When Shannon had to return back to the hospital six years post-transplant with elevated liver labs, I called Fr. Mychal right away. “Let go,” he reminded me. “Let go again.” He prayed for us and with us, and Shannon was started on a new medication that would allow her to heal, grow and live.

Celebrating One Life, Remembering Another
My daughter was 11 when Mychal died. She had a framed photo of him in her bedroom and knew his prayers and presence in her life were integral parts of who she was, of who she would become. And amidst overwhelming sadness and grief for our family, it was Shannon who discovered the way for us to move forward.

As we approached the anniversary of her life-saving liver transplant that January, Shannon said, “I have an idea.” Her idea — to collect socks for the homeless in memory of Mychal — was a way to celebrate her life by remembering his. Our family embraced this simple idea by asking all those we knew to send socks for the homeless to Shannon.

Every day, new packages arrived on our front porch filled with socks for men, women and children — tiny lace socks, slipper socks, socks with patterns, dress socks and tube socks. Before long, Shannon had collected 1,500 pairs of socks. A printed card with Fr. Mychal’s prayer was attached to each pair. And weeks later, as those first socks were being distributed to the homeless on the breadline of St. Francis Church in New York City, we realized that the prayer was as important as the socks: “Lord, take me where You want me to go, let me meet who You want me to meet, tell me what You want me to say, and keep me out of Your way.”

The prayer became Mychal’s Message. He inspired Shannon; Shannon inspired us; and Mychal’s Message was born.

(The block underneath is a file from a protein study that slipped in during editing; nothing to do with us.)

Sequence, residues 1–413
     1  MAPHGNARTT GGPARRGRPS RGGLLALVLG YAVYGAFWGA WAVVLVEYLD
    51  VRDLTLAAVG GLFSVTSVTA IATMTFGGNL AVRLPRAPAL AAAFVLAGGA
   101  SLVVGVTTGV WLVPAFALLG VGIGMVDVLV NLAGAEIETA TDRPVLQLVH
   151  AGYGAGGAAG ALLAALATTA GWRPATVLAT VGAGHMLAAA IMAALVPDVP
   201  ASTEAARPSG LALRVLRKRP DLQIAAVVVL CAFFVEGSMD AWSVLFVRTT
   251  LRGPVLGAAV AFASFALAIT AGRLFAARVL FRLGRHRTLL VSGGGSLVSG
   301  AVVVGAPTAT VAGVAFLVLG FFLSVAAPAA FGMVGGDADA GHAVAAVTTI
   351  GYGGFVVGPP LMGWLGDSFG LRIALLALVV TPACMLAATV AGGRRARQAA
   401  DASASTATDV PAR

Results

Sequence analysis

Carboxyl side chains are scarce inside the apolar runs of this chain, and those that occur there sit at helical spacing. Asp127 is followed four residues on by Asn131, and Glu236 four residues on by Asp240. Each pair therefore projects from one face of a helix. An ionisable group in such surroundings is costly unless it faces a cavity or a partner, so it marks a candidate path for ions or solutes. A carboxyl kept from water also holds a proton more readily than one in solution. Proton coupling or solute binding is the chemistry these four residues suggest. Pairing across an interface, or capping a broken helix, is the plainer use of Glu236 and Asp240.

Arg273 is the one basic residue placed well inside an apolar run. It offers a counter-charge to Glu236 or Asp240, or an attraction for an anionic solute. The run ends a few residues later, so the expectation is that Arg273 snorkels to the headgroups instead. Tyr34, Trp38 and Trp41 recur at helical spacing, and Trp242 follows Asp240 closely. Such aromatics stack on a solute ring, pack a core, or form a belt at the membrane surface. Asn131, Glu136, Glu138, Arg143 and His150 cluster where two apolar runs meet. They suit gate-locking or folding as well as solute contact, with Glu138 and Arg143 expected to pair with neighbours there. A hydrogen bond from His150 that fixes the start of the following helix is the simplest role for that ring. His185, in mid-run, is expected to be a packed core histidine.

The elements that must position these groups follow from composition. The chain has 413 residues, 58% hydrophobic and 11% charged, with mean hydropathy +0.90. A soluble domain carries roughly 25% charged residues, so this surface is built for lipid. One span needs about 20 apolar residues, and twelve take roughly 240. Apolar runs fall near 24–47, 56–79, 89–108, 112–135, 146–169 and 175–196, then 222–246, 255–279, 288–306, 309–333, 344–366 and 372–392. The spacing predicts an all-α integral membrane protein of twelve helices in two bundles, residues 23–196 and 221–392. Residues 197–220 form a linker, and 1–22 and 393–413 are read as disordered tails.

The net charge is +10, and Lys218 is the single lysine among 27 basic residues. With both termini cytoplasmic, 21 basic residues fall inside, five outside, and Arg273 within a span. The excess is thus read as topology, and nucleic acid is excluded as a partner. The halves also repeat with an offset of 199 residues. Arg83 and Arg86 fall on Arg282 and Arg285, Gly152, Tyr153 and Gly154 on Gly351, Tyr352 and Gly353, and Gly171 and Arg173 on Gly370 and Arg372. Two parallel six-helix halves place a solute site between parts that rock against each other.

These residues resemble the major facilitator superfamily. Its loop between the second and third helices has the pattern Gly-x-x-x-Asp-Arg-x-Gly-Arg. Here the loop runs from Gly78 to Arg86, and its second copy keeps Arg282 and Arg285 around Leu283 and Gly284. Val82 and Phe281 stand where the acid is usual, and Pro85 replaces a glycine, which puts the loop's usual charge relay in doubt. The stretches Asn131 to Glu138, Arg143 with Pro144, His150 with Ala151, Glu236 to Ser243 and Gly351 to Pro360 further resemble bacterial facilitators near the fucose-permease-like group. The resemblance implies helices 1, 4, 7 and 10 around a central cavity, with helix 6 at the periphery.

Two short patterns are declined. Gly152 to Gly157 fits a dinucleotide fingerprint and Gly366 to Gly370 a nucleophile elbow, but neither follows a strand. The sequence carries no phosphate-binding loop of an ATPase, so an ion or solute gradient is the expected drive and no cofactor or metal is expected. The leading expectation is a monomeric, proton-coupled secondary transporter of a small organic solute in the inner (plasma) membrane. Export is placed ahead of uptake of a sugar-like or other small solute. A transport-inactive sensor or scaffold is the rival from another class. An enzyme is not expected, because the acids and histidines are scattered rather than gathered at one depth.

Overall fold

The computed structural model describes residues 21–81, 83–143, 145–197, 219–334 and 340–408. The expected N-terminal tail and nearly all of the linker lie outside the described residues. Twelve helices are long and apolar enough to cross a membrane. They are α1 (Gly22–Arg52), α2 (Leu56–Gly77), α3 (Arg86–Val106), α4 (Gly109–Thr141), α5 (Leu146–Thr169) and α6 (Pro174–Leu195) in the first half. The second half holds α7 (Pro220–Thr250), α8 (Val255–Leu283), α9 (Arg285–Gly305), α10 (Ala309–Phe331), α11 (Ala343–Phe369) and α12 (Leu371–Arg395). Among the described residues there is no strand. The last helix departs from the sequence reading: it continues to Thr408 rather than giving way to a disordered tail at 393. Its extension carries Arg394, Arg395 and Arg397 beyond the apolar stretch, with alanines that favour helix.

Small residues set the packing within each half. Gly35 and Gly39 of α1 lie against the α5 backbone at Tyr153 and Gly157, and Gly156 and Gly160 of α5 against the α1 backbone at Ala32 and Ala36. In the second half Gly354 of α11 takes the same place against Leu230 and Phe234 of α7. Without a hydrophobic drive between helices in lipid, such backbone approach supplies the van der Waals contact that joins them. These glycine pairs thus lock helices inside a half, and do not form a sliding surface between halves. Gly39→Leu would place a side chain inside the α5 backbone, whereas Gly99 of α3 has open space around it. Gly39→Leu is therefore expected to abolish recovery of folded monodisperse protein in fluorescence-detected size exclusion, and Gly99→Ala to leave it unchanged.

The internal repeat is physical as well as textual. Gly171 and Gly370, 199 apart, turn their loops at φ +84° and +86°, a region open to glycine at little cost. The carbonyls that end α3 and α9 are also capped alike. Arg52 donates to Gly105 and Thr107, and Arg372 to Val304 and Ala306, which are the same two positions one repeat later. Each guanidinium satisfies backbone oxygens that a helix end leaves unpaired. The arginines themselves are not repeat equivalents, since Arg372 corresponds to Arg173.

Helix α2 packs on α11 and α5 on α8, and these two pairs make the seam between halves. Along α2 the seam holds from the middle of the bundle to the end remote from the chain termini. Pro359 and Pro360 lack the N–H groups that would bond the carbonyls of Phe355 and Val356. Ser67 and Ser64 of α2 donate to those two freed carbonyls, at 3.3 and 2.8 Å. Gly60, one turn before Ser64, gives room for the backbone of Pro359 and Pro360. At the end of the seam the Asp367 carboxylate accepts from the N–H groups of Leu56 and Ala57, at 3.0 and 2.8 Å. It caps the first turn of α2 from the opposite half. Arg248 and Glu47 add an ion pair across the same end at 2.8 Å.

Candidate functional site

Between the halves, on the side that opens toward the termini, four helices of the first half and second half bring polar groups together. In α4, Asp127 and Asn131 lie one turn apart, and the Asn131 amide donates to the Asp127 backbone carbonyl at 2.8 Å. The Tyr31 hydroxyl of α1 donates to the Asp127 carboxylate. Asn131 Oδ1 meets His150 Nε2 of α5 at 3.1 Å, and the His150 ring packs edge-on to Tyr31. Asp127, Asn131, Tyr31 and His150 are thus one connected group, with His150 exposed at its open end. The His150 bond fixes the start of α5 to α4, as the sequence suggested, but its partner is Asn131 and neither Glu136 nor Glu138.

It was during that first socks distribution that a homeless man approached my mother and asked her for underwear. “I know what I want for my birthday this year,” my mother told us later that day. “Men’s underwear.” And our second project —“Blessed Bloomers” — was created.

Socks led to underwear; underwear led to sneakers; sneakers led to coats. As we continued to walk in Fr. Mychal’s footsteps, we began to learn about the needs of some of the men and women he loved so much. I can still recall the homeless man we knew as John. He carried his belongings in several plastic grocery bags in each hand. “I’m hungry,” he told us one day after the breadline’s food and coffee were already put away.

As we listened, we discovered that John didn’t need any food. He had a bag full of canned foods from the food pantry. What John needed that day was a can opener. Mychal’s Message has given away over 300,000 new items to the homeless and poor since 2002, but we have only given away one can opener. That day, we witnessed how a simple can opener eased one man’s hunger.

Forging New Friendships
Walking in Mychal’s footsteps has allowed us to meet many Franciscan priests, brothers and sisters, and we have experienced something described best by Michael Duffy, OFM, in his homily at Mychal’s Mass of Christian Burial. Fr. Michael described the Picasso painting of two hands holding a bouquet of flowers. “The artist was clever enough to draw the hands in the exact same angle,” Michael said, “so you don’t know who’s receiving and who’s giving. It’s the same way Mychal related to people.”

Michael was one of the first people I called after learning of Mychal’s death. We were hurting, grieving and feeling an unexplainable loss deep within our souls. Fr. Michael understood our pain. He felt it, too. Setting aside his own grief that day, he shared words of comfort, love and support with our family.

On the breadline, Thomas Cole, OFM, was one of the first Franciscans we would meet. With exuberant joy, he embraced our family and our ministry. And as I witnessed a new friendship between my children and a Franciscan brother, my heart began to experience newfound joy.

Cassian Miles, OFM, greeted us early one bitter cold February morning on the breadline. A gentle, kind and humble servant of God, Fr. Cassian was a classmate of our own Mychal Judge. “I had to come and meet this family,” he later told us, “who had traveled all the way from Lancaster, Pa., to help the breadline in New York City.”